Our analysis results revealed that the expression levels of some important genes implicated in lipid metabolism were up-regulated in fat chickens: propionyl-coenzyme A-carboxylase, acyl-CoA oxidase, pyruvate dehydrogenase complex, glycerol-3-phosphate dehydrogenase, phosphatidylinositol, lysophospholipase 3, low density lipoprotein-related protein 12, etc. Pyruvate dehydrogenase catalyzes oxidative decarboxylation of pyruvate to form acetyl-CoA, which is a central metabolite [14-16]. Acetyl-CoA enters the Krebs cycle, and is the donor of acetate for synthesis of fatty acids, ketone bodies and cholesterol. The expression level of glycerol-3-phosphate dehydrogenase increased in diet-induced obese animals [17]. Propionyl-coenzyme A-carboxylase is the key enzyme in the catabolism of odd-chain fatty acids, isoleucine, threonine, methionine and valine [18]. Phosphatidylinositol is an important lipid, both as a key membrane constituent and as a participant in essential signaling processes in all plants and animals. These genes regulate lipid metabolism mainly by enhancing the synthesis of fatty acids. In addition, the expression of genes involved in energy metabolism, such as thioredoxin-like 4B, 5-oxoprolyl-peptidase, etc., were markedly down-regulated in fat line chickens, and the expression of genes participating in gluconeogenesis or glycolysis, including glycerol kinase (GK), ATPase, beta 1,3-galactosyltransferase etc. were up-regulated in this line. In fact, it is well recognized that both energy metabolism [19] and glycometabolism [20,21] are highly related to obesity.

It is interesting that several genes in the protein tyrosine phosphatase pathway were more highly expressed in fat than in lean chickens: fms-related tyrosine kinase 1, receptor tyrosine kinase flk-1/VEGFR-2, a type III receptor tyrosine kinase, protein tyrosine phosphatase-like, member b, protein-tyrosine phosphatase MEG2, etc. This indicates that the protein tyrosine phosphatase pathway is very important in lipid metabolism, and further research is needed to elucidate the molecular mechanism.

Adipogenesis is promoted by the coordinated expression of many transcription factors [22,23]. De-differentiation, or loss of the adipocyte phenotype, has been observed in response to tumor necrosis factor and transforming growth factor β [24,25]. We also observed that several genes involved in tumorigenesis were differentially expressed between the two chicken lines. Expression of genes that inhibit tumorigenesis, such as tumor necrosis factor, alpha-induced protein 1, suppression of tumorigenicity 7 and thrombospondin 1, was down-regulated in fat line chickens, while the expression of genes promoting tumor formation, including ret proto-oncogene and turban tumor syndrome, was up-regulated. This indicates that tumorigenesis may be related to obesity. TNFAIP1 was first identified as a tumor necrosis factor a (TNFa) and interleukin-6(IL-6) inducible protein. It is induced rapidly and transiently by TNFa [26]. It is inferred that the in vivo effects of LPS on lipid metabolism are probably mediated by TNFa, which could be secreted by macrophages or by the adipose tissue itself [27,28]. Albalat et al. [29] suggested that TNFa could be a key modulator of lipid metabolism in fish. Taking these reports and our data into consideration, we presume that TNFa may play a significant role in chicken lipid metabolism.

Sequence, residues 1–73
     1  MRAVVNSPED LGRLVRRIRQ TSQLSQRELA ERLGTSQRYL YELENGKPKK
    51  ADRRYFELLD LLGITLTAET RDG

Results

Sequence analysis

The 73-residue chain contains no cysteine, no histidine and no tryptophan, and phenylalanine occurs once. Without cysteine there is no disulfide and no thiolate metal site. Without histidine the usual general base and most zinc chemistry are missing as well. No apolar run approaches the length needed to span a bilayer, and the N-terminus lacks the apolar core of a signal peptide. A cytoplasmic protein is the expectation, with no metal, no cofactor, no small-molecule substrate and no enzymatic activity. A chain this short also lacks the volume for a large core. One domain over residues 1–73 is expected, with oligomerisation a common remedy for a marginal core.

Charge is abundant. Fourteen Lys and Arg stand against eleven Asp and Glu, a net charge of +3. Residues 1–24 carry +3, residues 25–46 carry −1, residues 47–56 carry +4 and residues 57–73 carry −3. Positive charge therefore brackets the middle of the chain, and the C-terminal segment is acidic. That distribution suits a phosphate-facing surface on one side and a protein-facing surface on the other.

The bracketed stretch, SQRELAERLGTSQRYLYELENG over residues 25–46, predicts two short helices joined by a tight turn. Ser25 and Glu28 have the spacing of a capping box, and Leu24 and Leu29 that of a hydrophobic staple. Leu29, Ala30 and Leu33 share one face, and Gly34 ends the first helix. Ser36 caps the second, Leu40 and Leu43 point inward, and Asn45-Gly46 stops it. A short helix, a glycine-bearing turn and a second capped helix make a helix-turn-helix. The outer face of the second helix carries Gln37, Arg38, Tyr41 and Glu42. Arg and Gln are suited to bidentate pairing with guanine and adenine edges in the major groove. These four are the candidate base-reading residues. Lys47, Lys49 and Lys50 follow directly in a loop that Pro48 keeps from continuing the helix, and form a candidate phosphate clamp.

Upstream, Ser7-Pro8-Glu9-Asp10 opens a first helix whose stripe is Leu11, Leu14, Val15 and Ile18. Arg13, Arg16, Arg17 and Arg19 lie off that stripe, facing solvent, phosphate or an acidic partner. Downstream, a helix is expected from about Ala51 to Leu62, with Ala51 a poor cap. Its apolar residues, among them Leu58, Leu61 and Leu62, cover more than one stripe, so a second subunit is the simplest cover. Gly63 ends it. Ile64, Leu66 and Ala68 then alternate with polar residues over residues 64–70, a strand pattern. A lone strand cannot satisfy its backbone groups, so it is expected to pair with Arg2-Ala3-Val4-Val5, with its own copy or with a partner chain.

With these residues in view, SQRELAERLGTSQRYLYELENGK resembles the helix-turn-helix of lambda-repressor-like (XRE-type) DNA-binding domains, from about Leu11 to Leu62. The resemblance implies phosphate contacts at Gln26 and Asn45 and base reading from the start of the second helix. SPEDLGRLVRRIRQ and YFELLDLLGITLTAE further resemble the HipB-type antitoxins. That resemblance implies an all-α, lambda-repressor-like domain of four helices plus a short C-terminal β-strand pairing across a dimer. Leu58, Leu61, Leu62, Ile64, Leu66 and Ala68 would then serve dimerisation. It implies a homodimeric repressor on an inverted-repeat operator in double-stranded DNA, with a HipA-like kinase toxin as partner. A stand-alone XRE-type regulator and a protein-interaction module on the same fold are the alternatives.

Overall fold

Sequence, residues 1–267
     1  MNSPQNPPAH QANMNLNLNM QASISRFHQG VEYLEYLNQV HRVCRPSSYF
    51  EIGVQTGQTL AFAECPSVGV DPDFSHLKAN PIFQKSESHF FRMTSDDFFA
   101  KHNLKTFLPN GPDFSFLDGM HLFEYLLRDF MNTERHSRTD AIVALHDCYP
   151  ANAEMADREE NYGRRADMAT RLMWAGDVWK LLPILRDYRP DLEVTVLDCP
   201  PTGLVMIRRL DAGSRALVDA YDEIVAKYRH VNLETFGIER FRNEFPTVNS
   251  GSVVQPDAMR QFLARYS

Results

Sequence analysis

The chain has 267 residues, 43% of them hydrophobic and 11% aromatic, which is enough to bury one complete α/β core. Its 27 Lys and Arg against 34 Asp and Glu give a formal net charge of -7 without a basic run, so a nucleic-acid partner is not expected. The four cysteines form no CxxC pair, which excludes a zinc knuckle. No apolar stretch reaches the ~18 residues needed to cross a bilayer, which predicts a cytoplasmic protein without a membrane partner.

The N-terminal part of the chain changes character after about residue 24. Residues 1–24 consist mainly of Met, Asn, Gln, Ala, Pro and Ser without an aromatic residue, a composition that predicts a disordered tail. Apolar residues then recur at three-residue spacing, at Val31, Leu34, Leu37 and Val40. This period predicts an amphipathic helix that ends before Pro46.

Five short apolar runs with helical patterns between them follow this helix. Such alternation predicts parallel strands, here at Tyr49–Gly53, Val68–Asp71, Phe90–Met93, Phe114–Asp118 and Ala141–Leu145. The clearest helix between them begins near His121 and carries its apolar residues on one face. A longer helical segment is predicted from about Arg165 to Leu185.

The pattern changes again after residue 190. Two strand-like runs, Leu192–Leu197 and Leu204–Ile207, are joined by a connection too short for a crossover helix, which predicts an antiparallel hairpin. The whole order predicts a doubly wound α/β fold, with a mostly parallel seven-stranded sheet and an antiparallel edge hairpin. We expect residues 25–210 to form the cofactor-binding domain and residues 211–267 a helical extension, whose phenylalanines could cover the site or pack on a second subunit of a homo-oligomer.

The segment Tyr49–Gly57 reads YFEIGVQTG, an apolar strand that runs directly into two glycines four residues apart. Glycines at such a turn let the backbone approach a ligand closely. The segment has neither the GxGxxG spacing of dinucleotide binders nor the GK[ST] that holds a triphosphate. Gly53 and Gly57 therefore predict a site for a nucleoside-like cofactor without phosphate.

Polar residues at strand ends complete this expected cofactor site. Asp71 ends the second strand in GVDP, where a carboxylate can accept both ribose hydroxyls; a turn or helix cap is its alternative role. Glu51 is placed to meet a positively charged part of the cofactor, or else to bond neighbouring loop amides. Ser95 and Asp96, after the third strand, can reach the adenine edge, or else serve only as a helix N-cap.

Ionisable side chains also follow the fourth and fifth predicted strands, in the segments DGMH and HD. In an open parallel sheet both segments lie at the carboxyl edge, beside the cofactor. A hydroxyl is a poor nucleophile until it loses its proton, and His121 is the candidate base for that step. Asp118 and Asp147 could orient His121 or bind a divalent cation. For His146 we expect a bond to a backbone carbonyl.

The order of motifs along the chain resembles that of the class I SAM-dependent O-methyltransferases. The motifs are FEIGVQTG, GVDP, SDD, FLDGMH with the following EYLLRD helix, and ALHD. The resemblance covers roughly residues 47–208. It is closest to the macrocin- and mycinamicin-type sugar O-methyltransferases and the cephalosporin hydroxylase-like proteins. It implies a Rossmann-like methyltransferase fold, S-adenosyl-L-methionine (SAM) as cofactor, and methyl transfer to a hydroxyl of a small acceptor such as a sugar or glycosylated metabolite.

Conclusion

In conclusion, the chicken adipose tissue gene expression profile was investigated comprehensively in the present study, and specific genes that were differentially expressed in adipose tissue between a fat and a lean chicken line were identified with the aid of the Chicken Genome Array. Genes with high and low expression levels and "not-expressed" genes were identified, and 230 genes that were differentially expressed between the two chicken lines were screened out and confirmed by real-time RT-PCR. These genes were mainly involved in lipid metabolism, energy metabolism, signal transduction, tumorigenesis and immunity. Further analysis indicated that the pyruvate dehydrogenase complex, propionyl-coenzyme A-carboxylase, TNFa and the protein tyrosine phosphatase pathway may play key roles in lipid metabolism. If confirmed in future studies, these patterns of gene expression may contribute to understanding the molecular mechanism of obesity in chickens and provide potential targets for future therapy in humans.

Methods

Lean and fat chicken lines

The NEAU broiler lines divergently selected for abdominal fat content (NEAUHLF) have been selected since 1996 using percentage abdominal fat (%AFW) and plasma very low-density lipoprotein (VLDL) concentration as selection criteria. The G0 generation of the two lines came from the same grandsire line originating from the Arbor Acres breed, which was then divided into two lines according plasma VLDL concentration at 7 weeks. From G1 to G8, birds of each line were raised in two hatches. They were kept in similar environmental conditions and had access to feed and water ad libitum, and were fed with a commercial corn-soybean-based diet that met all NRC requirements (National Research Council, 1994). From hatching to 3 weeks the birds received a starter feed (3,100 kcal ME/kg and 210 g/kg CP), and from 4 weeks to slaughter they were fed a grower diet (3,000 kcal ME/kg and 190 g/kg CP). Plasma VLDL concentrations were measured for all birds at 7 weeks. Abdominal fat weight (AFW) of the male birds in the first hatch was measured and adjusted (%AFW) for body weight (BW) after slaughtering at 7 weeks. Birds with plasma VLDL concentration and AFP lower (lean line) or higher (fat line) than the population average value were selected as candidates for breeding, considering the body weights of male birds and egg production of female birds.